The tradition of the church is one that staunchly affirms that salvation can only come through Jesus Christ.

Or, to put it another way, outside the church, there is no salvation. To experience the forgiving pardon of the Lord, to be taught the ways of the faith, to engage in acts of kindness and mercy, is entirely dependent of the existence and proclamation of the church. 

I can remember feeling so uncomfortable in the front row as my professor attempted to clam his demeanor. In the moment I thought she just wanted to frustrate him, or draw out the exact type of reaction that took place. But what if she was being genuine? What if she really was concerned about his salvation?

After all, no one can come to the Father except through Jesus Christ. Amen.

With all wisdom and insight he has made known to us the mystery of his will, according to his good pleasure that he set forth in Christ, as a plan for the fullness of time, to gather up all things in him, things in heaven and things on earth.

Prayer

There are anecdotes about famous people that are just so good that sometimes it doesn’t matter whether they are true or not. Think of George Washington and the cherry tree. Did he really chop down the cherry tree as a child? Does that matter more than the lesson of telling the truth?

There are a lot of stories about Karl Barth, the dialectical theological of the 20th century who greatly upended, in the best ways, my theological understanding, many of which probably aren’t true. Like the time a student pridefully declared he had read everything Barth wrote to which Barth replied, “Son, not even I have read everything I’ve written.”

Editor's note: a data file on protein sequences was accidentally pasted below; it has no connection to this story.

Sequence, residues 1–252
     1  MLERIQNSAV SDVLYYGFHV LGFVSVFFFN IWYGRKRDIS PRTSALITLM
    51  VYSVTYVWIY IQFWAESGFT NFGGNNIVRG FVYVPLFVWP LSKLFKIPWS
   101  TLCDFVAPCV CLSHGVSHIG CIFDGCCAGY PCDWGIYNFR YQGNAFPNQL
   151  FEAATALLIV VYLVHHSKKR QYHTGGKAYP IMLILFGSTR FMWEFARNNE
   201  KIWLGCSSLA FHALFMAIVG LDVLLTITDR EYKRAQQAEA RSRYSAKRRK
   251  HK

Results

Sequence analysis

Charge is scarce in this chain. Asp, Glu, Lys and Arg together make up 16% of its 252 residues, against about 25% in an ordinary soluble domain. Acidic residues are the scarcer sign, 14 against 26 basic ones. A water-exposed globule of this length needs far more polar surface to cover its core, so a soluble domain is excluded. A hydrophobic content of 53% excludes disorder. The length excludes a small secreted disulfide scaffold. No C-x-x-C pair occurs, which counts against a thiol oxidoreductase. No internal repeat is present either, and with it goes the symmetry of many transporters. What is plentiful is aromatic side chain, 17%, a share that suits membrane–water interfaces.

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So, whether its true or not, people used to push Barth about his universalist tendencies – the idea that, in the end, God saves all regardless. In his work he dances around the claim that all have been, and will be, saved through Christ’s work, death, and resurrection, but Barth never outright claims whether or not he believes it.

And, the story goes that a young student pushed and pushed Barth to respond to the claim of his universalism, to which Barth replied, “Let me put it this way: I will not be disappointed if heaven is crowded.”

The question of universalism is remarkably relevant considering the great range of thought regarding faith and discipleship. This year alone has seen publications in the arena of theology both in support of universalism and against it. With the world becoming more diverse with every passing day, with different understanding of Christianity cropping up all over the world, the church is left with a question: “How big is the all of Christ died for all?”

We might think of the passage read today, and in particular Christ gathering up all things in him both in heaven and on earth. 

We might think of the fact that humankind was created in the image of God – every single individual having been molded from God’s divinity and given life through the Spirit regardless of later religious affiliations.

We might even think of the myriad examples from Christ’s ministry where he came for the last, least, lost, little, and dead. How he regularly shared meals with the sinners, the vagrants, and the marginalized. How Jesus cared not one bit about their own morality or motivations, but simply declared, “I have come to set you free.”

If we believe that nothing can ever separate us from the love of God in Christ Jesus then God’s mercy and love and grace truly knows no bounds. God’s power is therefore so magnificent and unconditional that it extends not only to all of us gathered here, but to the entirety of creation!